So, what an opportunity Design for the Other 90% has been. We are engaging with CDC staff members who actually have been deeply involved in the issues brought up in the exhibit, as well as the evaluation and distribution of some of the design objects on display. The exhibit has also drawn tremendous interest from educational institutions such as the Georgia Institute of Technology and Savannah College of Art and Design, and from the entire Atlanta design community.

Because the original installation was mounted totally outside on the CH’s grounds, each host institution was tasked to create a new and unique design plan, and fabricate its own exhibit display elements. We had a great time figuring out how to display objects ranging from a latrine slab used in refugee camps in East Africa to a house for the homeless made by the Atlanta-based Mad Housers to treated bednets. Our entire design and fabrication team really rose to the occasion, using warehouse crates for pedestals, building floor trays to display objects such as water pumps, and even appropriating a piece of 1000-pound concrete as a base for a 12′ solar lamp post!

At the end of the day, by highlighting innovative designs meant to improve the lives of all, we have been able to acknowledge our collective responsibility for both solutions and actions. Like the previous hosts of the exhibit–the Walker Art Center in Minneapolis and the Ontario College of Art and Design in Toronto, Canada–we are committed to exploring issues of social change and justice that will allow the world’s populations to live the best lives possible.

To learn more about this exhibition and its travel schedule, visit it online at https://other90.cooperhewitt.org/ 
or email Cynthia Smith at SmithCynthia@si.edu.  

Kansas City – Jazz, BBQ and Beyond

Thanks to Andrew Zender, Director of Communications at the American Jazz Museum, for this guest post.

18th & Vine, Kansas City.  Photo credit: Diallo French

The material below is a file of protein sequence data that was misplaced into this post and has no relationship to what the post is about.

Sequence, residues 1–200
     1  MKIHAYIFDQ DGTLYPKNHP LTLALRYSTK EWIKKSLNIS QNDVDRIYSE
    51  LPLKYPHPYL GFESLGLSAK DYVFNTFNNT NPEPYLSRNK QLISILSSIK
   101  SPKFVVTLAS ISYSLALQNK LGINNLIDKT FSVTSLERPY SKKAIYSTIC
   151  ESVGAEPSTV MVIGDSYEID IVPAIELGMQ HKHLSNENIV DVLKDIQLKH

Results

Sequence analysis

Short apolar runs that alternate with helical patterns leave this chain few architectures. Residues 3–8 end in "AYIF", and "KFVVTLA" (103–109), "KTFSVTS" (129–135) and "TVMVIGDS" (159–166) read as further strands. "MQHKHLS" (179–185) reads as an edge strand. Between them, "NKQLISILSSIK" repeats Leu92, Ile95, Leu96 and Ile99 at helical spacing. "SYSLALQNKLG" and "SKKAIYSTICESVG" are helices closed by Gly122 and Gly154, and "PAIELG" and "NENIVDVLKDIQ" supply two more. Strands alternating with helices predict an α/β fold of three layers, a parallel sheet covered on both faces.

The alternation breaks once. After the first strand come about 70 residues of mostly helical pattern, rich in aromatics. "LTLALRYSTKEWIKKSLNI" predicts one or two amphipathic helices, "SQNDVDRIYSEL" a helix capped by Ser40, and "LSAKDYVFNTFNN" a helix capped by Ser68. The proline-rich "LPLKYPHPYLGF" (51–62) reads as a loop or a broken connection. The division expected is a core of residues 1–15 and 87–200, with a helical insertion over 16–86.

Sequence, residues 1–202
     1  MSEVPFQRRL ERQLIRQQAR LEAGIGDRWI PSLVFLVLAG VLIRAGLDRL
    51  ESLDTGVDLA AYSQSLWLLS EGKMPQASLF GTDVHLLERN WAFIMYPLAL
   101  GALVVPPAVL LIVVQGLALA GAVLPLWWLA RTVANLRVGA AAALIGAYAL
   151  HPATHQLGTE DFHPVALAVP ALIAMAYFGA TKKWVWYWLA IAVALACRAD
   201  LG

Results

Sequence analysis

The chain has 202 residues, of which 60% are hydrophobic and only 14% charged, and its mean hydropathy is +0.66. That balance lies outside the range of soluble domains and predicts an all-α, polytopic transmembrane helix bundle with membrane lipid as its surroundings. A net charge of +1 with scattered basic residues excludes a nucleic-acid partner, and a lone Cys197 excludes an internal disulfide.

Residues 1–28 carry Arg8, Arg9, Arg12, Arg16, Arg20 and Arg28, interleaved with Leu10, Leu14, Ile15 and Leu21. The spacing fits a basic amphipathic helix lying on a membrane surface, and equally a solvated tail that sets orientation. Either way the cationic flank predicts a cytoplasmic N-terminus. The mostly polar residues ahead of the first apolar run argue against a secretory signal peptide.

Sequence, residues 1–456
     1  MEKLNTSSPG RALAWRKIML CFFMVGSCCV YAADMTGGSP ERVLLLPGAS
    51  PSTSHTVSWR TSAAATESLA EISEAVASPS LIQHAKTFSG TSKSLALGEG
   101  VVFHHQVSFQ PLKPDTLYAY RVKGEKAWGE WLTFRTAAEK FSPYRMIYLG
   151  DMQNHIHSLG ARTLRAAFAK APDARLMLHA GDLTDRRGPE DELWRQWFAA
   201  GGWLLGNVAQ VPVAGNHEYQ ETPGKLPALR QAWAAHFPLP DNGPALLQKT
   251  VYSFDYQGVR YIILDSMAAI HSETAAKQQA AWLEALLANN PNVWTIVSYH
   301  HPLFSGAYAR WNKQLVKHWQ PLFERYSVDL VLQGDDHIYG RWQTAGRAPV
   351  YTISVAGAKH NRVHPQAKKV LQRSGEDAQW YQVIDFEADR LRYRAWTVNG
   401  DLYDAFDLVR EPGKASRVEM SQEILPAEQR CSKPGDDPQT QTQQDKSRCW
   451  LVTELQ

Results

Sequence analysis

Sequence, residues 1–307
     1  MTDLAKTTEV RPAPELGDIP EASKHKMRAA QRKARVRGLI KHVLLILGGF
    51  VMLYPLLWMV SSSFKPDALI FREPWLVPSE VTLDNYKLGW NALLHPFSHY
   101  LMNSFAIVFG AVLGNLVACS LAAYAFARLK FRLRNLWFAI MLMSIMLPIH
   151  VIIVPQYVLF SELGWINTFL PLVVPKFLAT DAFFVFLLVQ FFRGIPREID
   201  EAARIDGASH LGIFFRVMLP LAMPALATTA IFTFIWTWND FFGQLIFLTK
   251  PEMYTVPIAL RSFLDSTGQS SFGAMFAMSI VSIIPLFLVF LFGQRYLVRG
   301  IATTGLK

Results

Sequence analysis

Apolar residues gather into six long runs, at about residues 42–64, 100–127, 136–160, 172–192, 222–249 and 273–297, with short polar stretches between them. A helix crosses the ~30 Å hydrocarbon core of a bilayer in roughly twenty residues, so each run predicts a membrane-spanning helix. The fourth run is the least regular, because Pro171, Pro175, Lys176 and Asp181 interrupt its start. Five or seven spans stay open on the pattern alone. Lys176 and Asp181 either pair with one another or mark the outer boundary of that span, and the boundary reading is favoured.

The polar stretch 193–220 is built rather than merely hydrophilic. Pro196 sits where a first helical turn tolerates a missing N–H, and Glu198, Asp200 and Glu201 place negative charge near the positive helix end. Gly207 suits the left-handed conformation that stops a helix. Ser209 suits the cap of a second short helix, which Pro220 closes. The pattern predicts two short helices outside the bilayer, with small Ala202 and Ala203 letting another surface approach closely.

Born in America, jazz is our nation’s only indigenous art form and one of our greatest treasures.  Kansas City is one of the important incubators of jazz, and within its borders is one of the greatest crossroads of American music and culture: 18th & Vine.

From the swinging clubs and the all-night jam sessions to the exciting Negro Leagues baseball games, 18th & Vine was buzzing with a unique force, a scene ripe with riffs, built upon jumpin’ jazz blended with blues, Bird’s blossoming bebop – and Kansas City’s signature swing.

However, there were many other equally important aspects of life in the Historic 18th & Vine Jazz District – people and places that were woven into the social fabric that made 18th & Vine and a legendary spot forever immortalized in song and in the memories of folks who worked, lived and played here, some of whose stories are still to be told – until now.

Recognizing a need for the recording and preservation of dozens of untold oral histories that chronicle an incredibly important period of American life, the American Jazz Museum, one of the cultural anchors of the Historic 18th & Vine Jazz District, has launched a new initiative aimed at capturing theses stories in a series entitled Stories from the Vine.

Featuring compelling narratives of life at 18th & Vine during its golden age from community members, local scholars/historians and other special guests, Stories from the Vine is designed to reveal new insights, provide a public forum and record testimonies documenting the rich legacy of the Historic 18th & Vine Jazz District.

Using the District as a backdrop, Stories from the Vine will explore a variety of topics ranging from music and sports to business and politics, highlighting the role of 18th & Vine in Kansas City as an incredible hub of culture, commerce and entertainment.